Can a New York Labor Law claim stemming from an employee’s fall from a wet ladder succeed despite some inconsistencies between what he wrote on an incident report and his testimony in court?
New York’s Appellate Division, First Department found that the employee was entitled to partial summary judgment since his supervisor witnessed the fall and it was his co-workers’ fault the ladder was wet.
Slipped while trying to close valve on broken pipe
Nathaniel Lindsay was working for Five Star Carting when he fell from an unsecured, wet A-frame ladder while attempting to close the valve on a broken water pipe.
As Lindsay slipped while on the ladder, he tried to use the wrench he was holding to prevent himself from falling, resulting in a shoulder injury. His supervisor witnessed the incident.
Company claims issues of fact over worker’s credibility
Lindsay filed a Labor Law suit against Five Star, claiming the company failed to provide him with proper protection while he was exposed to an elevation-related risk.
Five Star argued that the written description Lindsay provided in an incident report was inconsistent with his testimony, which raised issues of fact regarding credibility. The company claimed that was enough to disqualify summary judgment for Lindsay.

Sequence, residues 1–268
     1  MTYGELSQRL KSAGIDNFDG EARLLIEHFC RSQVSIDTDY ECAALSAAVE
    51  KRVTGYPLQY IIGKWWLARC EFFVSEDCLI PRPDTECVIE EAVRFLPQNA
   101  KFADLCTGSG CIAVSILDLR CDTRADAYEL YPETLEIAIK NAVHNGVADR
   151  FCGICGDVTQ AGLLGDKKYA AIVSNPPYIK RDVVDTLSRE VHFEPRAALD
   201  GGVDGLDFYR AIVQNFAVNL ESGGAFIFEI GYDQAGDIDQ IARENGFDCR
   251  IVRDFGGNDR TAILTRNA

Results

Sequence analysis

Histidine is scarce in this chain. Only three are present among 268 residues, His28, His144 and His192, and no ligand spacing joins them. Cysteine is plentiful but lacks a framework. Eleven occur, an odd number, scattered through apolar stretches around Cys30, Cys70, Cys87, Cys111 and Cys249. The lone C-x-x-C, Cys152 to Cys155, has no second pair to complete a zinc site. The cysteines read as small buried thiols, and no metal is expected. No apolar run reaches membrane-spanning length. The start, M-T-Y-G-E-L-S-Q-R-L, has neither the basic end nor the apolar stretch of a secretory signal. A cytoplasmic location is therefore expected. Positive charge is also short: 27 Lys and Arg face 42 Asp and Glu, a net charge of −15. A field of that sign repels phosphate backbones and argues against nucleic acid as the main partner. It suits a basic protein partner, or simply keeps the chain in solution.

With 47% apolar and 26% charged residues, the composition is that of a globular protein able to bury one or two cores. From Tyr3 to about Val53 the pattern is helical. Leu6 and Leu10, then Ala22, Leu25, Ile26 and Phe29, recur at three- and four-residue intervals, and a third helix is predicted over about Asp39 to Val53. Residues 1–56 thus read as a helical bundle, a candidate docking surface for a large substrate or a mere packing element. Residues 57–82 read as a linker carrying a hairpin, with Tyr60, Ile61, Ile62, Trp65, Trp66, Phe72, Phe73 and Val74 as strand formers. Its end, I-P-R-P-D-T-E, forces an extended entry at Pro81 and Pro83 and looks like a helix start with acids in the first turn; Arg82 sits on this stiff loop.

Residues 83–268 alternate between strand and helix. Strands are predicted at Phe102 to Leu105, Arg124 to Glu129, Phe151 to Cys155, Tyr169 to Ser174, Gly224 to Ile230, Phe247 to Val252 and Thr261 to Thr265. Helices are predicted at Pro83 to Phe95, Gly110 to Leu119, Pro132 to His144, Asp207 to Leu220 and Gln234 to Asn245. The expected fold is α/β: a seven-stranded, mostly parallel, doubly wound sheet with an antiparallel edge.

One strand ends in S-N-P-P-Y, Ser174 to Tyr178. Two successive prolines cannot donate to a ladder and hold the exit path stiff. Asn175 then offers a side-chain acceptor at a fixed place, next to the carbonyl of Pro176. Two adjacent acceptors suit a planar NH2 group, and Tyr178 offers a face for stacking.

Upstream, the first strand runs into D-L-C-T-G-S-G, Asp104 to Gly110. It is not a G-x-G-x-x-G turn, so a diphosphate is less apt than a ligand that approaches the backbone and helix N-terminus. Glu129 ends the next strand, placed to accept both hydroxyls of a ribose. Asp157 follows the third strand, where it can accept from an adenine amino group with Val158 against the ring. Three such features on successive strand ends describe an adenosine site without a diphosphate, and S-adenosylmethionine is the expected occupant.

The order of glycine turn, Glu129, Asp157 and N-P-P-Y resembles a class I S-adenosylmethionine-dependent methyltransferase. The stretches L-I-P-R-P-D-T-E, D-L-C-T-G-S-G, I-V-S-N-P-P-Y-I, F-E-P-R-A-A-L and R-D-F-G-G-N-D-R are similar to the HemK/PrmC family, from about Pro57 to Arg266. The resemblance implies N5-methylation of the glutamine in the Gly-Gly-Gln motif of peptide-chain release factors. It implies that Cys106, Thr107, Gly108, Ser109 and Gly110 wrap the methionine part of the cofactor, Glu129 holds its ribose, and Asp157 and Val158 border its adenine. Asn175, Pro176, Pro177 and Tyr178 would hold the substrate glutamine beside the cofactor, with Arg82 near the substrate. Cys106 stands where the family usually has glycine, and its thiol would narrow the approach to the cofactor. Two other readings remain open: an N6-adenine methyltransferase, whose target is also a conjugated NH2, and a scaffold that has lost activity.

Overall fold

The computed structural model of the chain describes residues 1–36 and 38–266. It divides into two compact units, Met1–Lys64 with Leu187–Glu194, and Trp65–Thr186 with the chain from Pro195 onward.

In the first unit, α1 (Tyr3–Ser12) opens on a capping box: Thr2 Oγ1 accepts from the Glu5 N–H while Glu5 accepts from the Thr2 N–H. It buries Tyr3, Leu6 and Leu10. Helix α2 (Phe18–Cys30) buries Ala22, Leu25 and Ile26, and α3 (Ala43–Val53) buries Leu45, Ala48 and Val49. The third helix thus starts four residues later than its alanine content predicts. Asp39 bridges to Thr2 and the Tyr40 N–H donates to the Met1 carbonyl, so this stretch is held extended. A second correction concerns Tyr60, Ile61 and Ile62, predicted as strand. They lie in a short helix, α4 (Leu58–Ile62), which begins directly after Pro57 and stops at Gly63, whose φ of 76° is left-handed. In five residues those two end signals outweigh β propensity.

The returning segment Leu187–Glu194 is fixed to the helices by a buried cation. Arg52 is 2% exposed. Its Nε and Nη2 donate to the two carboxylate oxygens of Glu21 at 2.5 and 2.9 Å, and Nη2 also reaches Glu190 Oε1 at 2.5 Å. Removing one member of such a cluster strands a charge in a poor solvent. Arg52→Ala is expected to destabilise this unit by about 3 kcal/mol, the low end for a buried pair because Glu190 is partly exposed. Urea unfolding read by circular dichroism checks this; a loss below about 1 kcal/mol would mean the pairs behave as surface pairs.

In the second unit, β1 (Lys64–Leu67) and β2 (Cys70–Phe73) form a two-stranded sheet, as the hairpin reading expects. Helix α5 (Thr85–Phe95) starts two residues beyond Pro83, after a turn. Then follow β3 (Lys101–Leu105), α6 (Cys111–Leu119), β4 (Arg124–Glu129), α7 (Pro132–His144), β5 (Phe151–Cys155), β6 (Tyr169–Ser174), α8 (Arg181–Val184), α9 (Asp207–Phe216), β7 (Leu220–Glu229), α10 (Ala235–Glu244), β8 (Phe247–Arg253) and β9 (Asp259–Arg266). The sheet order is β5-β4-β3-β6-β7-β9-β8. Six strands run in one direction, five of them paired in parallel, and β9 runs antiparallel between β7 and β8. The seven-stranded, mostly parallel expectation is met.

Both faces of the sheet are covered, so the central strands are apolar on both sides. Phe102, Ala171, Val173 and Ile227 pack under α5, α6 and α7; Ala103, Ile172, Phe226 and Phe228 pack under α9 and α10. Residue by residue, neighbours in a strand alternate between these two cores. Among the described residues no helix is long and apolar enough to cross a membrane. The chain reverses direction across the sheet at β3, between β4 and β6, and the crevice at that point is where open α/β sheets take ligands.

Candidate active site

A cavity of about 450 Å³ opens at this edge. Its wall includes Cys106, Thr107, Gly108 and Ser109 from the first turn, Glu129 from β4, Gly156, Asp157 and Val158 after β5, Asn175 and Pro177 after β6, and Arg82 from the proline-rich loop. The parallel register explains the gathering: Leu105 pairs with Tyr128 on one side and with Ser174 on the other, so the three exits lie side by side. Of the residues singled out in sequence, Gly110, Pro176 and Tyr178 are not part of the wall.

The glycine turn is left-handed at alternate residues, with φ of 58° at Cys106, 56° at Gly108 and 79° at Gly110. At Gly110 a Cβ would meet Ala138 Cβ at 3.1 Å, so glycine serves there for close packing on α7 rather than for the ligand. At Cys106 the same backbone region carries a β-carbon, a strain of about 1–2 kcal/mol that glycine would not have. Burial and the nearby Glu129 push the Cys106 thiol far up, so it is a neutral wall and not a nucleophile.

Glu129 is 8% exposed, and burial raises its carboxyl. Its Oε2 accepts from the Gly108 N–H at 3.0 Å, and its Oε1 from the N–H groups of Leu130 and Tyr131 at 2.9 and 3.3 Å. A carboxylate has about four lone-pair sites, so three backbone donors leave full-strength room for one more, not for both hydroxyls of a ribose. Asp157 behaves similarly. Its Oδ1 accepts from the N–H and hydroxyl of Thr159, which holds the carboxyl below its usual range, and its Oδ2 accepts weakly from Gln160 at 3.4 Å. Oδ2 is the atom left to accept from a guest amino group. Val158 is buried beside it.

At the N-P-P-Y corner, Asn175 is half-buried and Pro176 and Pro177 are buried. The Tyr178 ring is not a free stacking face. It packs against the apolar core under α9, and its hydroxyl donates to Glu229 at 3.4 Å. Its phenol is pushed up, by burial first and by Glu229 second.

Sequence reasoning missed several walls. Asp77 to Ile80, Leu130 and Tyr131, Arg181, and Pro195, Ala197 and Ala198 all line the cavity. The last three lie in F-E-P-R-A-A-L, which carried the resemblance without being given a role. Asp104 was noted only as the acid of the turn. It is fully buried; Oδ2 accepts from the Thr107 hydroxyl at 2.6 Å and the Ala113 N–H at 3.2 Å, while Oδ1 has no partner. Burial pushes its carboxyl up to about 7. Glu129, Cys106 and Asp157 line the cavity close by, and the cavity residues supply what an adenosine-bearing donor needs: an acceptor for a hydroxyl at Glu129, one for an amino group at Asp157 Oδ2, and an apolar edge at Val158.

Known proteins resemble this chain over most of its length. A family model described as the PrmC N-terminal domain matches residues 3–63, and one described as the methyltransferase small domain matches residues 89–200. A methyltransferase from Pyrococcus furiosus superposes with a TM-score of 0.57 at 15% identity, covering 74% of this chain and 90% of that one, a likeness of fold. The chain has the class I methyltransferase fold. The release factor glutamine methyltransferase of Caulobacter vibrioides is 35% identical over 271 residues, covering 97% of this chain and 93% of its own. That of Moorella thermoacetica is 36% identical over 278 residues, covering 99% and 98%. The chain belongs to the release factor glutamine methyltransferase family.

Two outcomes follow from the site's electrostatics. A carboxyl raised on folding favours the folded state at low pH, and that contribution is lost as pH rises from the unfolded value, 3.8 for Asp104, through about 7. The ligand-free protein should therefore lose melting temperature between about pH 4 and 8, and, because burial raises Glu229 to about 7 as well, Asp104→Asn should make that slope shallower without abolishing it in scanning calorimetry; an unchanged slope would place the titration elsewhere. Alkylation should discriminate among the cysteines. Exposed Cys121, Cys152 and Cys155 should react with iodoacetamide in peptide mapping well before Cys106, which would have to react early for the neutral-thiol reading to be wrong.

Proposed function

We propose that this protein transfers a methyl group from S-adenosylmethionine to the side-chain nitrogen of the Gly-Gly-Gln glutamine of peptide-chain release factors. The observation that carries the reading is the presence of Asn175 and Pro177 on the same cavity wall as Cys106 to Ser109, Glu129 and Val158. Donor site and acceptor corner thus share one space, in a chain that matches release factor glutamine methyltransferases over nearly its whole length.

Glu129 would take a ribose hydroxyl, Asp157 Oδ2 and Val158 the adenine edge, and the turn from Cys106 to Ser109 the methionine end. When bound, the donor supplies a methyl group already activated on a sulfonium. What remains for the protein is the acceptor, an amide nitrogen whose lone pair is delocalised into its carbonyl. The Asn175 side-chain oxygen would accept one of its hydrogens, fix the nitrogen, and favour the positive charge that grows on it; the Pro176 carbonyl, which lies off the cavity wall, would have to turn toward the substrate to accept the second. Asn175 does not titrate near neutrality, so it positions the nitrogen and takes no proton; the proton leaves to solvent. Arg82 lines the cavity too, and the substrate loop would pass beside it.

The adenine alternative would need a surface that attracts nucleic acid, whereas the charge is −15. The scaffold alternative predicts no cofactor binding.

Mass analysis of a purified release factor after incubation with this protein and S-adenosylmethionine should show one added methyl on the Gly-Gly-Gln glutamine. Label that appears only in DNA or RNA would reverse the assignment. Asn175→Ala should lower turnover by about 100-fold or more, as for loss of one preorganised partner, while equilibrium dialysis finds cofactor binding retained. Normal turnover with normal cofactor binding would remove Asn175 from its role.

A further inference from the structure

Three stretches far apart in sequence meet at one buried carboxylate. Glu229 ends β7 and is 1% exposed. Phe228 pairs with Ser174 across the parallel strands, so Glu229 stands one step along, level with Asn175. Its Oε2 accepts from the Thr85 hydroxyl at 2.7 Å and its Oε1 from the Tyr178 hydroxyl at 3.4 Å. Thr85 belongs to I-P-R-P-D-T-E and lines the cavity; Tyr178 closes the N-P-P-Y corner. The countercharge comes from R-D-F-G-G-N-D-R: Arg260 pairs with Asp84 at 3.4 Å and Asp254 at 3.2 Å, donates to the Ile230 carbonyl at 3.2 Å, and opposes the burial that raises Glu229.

A lower court granted Lindsay summary judgment because the judge found his testimony credible and the supervisor’s testimony corroborated the details Lindsay provided.
Co-workers broke pipe, caused dangerous condition
An appeals court agreed with the lower court, finding that there was sufficient evidence to prove how the injury occurred.
The appeals court also found Lindsay was entitled to summary judgment on his Labor Law claim based on the fact that it was Five Star’s own “workers who broke the pipe that caused the leak, and therefore created the dangerous condition that led to the accident.”